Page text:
Blown Opportunity: New York City’s Failed Pneumatic Trains

Bad timing and politics have ruined more than their fair share of great ideas, including New York City’s first underground train system. The pneumatic system was developed by Alfred Ely Beach in the late 19th century and the first demonstration was carried out beneath Broadway in 1870. The Beach Pneumatic Transit System never realized its potential, though, after being derailed by political interests and the Long Depression of the 1870s. It’s an interesting piece of New York mass transit history that was well before its time and suffered an undignified death.

The concept was admirably simple, and familiar to anyone who has used the drive-through lane at a modern bank: powerful rushes of air moved cars along an underground tube. Beach’s permit to build an experimental tube underground only gave him clearance for developing a package delivery system, so the passenger system that he was working on was developed rather clandestinely. Due to pressure from politicians who were investing in competing technologies, Beach never secured permission to extend the tunnel into a full-blown operational pneumatic railway.

But for the few months that it was in existence, the underground system was mightily impressive. The 95-meter-long tunnel ferried passengers between Broadway and Murray Street at night; because the tunnel itself was so fascinating to New Yorkers, it was open for walking tours during the daylight hours. Elevated trains gained favor because of their lower cost, but eventually the New York transit system moved underground. The death of the idea came about partially because New York Governor John Hoffman vetoed any measure to build underground tunnels, partially because landowners were afraid of possible damage to their buildings, and partially because the American economic system all but collapsed in 1873. The tunnel, station and carriage associated with Beach’s line have all been destroyed over the years.  (Source: Wired)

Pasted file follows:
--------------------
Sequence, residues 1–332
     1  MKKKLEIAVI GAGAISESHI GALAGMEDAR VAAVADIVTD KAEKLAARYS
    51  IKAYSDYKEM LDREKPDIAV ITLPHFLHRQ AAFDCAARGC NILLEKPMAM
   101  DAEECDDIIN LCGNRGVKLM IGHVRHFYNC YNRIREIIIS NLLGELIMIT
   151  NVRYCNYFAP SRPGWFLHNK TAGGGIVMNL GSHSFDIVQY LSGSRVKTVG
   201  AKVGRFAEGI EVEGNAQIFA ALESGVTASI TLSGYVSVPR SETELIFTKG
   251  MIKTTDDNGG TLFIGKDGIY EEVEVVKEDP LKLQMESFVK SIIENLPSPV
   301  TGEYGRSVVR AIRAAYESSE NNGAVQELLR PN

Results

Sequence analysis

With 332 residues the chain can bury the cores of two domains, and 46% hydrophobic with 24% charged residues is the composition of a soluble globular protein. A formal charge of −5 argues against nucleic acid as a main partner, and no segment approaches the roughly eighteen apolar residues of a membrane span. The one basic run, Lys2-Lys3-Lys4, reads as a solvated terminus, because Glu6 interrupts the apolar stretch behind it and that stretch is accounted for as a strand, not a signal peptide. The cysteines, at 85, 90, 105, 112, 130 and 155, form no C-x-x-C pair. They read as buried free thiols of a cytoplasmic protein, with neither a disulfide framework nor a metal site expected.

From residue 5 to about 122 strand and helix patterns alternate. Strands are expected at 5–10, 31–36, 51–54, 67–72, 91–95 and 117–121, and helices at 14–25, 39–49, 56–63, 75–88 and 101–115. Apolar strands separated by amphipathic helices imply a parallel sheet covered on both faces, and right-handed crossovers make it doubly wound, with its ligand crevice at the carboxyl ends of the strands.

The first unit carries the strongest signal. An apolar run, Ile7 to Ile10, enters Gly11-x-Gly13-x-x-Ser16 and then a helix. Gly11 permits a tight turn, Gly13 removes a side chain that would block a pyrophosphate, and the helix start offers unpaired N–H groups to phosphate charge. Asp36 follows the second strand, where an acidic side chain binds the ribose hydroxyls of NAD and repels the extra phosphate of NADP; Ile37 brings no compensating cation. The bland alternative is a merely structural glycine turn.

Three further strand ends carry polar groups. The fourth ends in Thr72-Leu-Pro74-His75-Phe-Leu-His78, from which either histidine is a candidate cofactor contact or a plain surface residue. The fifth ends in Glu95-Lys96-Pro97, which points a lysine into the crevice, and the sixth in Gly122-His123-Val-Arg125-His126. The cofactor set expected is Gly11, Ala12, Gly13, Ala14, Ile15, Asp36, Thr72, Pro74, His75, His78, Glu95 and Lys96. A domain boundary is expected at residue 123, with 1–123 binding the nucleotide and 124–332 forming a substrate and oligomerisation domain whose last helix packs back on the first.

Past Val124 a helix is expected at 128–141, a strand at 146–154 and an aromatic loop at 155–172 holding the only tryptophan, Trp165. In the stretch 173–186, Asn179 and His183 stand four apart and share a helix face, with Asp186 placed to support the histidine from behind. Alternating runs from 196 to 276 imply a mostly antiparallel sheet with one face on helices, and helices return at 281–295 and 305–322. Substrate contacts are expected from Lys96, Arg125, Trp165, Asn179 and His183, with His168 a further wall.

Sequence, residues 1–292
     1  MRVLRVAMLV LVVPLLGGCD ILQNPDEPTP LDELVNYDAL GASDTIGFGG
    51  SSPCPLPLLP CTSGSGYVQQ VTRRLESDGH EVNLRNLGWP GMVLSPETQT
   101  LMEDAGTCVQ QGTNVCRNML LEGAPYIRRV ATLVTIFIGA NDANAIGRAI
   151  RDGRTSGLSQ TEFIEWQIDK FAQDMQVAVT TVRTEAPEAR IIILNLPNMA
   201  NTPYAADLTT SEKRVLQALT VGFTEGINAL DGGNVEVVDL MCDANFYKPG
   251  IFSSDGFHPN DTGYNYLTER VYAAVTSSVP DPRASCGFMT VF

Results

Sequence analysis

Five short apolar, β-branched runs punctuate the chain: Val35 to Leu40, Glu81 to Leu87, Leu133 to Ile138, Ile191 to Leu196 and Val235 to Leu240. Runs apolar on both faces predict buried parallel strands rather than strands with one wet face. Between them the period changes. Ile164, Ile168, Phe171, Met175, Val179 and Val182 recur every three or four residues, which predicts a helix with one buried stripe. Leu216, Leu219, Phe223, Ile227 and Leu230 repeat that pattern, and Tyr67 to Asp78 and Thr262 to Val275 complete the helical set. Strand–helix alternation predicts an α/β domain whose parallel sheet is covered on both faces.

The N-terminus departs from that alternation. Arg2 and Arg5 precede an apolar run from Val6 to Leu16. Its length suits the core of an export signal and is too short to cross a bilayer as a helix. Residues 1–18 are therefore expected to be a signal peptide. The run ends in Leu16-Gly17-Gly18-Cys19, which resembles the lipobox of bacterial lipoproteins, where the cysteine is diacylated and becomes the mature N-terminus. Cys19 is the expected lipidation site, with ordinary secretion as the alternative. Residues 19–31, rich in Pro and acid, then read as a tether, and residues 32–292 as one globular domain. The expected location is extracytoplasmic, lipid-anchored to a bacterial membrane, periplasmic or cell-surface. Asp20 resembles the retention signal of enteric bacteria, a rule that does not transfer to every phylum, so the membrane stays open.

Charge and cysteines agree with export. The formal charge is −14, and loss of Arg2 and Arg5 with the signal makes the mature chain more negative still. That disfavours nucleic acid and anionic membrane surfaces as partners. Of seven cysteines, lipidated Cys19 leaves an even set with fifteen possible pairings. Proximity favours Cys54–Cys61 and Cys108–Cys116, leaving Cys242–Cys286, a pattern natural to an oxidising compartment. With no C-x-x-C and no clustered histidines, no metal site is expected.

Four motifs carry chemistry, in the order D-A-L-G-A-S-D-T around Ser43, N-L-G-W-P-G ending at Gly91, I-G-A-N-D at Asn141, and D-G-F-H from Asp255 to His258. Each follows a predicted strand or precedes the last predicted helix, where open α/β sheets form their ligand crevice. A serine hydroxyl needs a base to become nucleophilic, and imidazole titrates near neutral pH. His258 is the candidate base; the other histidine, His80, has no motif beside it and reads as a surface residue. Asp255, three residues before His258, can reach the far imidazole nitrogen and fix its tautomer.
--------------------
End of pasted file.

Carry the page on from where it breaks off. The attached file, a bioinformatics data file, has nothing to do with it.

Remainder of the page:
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See more in Mass Transit or under Transportation. March, 2010.